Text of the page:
Senator Imee Marcos said the Bureau of Fisheries and Aquatic Resources (BFAR) will have limited success in its campaign against fish smuggling if the agency overlooks online sellers.
The BFAR will start confiscating unauthorized fish imports on December 4 while a seasonal commercial fishing ban remains in force until February next year.
But Marcos noted that the Department of Agriculture’s (DA’s) attached agency has issued a warning only to wet markets and supermarkets.
“Smugglers selling online are one step ahead of the BFAR. In an increasingly digital world, wet markets and supermarkets are not the only venues for selling smuggled fish and seafood,” Marcos said.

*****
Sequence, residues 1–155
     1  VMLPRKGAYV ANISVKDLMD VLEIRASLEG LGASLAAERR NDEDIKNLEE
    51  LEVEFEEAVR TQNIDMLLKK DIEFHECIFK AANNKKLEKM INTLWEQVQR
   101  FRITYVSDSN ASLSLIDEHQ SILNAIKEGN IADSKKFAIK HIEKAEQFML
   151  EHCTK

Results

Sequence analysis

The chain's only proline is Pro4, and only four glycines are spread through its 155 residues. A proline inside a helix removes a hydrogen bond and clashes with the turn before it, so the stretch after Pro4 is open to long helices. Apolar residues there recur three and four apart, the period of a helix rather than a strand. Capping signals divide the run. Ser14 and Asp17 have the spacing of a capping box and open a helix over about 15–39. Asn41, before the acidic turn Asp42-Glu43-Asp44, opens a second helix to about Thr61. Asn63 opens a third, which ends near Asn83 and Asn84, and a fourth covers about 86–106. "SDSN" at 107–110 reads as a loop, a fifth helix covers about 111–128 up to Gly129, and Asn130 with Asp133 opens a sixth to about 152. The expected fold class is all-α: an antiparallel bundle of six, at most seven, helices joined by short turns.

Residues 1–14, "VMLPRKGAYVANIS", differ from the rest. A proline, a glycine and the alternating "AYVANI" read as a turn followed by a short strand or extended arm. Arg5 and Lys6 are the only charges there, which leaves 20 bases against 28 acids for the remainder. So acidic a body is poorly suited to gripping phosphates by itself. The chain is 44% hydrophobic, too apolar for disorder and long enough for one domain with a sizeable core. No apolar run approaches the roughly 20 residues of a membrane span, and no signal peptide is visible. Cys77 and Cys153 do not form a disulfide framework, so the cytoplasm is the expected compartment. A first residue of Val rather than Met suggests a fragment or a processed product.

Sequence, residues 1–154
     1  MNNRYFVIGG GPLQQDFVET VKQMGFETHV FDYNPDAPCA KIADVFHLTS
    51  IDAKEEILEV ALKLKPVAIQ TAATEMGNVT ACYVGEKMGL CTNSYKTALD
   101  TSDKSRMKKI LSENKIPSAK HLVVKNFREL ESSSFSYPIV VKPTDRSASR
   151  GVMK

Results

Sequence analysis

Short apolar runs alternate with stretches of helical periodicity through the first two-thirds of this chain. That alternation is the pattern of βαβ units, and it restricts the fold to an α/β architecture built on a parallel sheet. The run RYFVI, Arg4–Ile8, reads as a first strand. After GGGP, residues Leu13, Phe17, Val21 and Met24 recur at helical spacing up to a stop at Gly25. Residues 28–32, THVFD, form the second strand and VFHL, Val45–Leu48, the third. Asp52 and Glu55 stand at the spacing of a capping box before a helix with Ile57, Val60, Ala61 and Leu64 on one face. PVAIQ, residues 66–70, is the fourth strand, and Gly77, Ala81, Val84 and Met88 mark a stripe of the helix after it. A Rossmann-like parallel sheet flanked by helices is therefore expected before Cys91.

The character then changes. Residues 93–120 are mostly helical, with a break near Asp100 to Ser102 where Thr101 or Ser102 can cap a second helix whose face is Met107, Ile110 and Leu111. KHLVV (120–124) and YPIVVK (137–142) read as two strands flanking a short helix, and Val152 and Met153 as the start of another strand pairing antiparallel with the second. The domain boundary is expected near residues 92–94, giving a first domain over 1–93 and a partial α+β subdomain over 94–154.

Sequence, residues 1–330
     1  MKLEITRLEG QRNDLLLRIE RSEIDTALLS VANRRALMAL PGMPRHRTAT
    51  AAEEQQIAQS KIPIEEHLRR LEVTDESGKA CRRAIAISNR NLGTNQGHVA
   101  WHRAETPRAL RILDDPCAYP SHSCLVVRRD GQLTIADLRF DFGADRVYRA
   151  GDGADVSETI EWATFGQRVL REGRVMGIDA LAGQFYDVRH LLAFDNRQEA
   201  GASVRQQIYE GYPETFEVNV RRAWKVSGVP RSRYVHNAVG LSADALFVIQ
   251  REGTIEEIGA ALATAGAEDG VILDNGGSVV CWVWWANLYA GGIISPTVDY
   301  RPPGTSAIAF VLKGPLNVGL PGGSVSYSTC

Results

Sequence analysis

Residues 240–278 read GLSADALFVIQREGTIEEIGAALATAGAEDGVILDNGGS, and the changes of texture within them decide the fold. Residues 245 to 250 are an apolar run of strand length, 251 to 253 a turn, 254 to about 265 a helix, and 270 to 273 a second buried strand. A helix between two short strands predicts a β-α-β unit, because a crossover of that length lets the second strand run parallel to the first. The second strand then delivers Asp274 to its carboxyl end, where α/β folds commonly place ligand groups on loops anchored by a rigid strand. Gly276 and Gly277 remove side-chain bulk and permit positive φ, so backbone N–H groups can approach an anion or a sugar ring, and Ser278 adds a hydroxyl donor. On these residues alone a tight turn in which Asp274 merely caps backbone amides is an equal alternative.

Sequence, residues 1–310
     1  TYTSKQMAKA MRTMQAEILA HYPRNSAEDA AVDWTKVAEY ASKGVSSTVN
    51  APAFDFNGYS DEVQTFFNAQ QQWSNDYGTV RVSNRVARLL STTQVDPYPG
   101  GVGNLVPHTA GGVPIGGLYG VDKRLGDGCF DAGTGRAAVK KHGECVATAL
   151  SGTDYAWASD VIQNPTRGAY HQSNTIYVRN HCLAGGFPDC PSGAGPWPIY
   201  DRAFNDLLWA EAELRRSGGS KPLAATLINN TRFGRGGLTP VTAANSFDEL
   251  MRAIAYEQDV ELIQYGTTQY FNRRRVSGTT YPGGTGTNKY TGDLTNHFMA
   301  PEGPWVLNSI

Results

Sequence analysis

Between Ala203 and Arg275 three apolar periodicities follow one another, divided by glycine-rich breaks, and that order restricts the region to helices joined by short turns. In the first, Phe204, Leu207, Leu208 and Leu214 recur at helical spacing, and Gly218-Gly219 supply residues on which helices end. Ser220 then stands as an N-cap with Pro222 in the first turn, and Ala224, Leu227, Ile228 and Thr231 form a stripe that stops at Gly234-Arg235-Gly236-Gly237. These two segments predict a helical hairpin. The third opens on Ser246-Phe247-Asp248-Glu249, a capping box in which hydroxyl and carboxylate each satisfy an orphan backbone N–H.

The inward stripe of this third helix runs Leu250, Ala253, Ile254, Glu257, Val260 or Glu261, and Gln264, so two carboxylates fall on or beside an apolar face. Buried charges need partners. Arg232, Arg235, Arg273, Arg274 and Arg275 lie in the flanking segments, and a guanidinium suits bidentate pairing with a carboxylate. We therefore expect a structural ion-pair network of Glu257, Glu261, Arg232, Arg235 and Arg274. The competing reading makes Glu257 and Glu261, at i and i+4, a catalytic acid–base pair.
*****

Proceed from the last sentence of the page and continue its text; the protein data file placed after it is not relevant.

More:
The senator explained that foreign commercial fishing boats take advantage of the Philippines’ closed fishing season from November to February each year and sell their deep-sea catch to crooked local traders.
“Traders misdeclare their imports, supposedly for industrial use, then later divert them for retail sale in wet markets and lately through popular online shopping platforms,” Marcos said.
Just this week, frozen salmon, pompano, and squid were discovered by BFAR at the Commonwealth Market in Quezon City, but the same seafood was also being sold online.
The DA has only authorized the limited importation of round scad, big-eye scad, mackerel, bonito, and moonfish during the closed fishing season.
“The sad thing is that the smuggled fish may have come from our own waters. This defeats the purpose of enforcing a seasonal fishing ban to allow species to breed and replenish our marine resources,” Marcos said. (PR)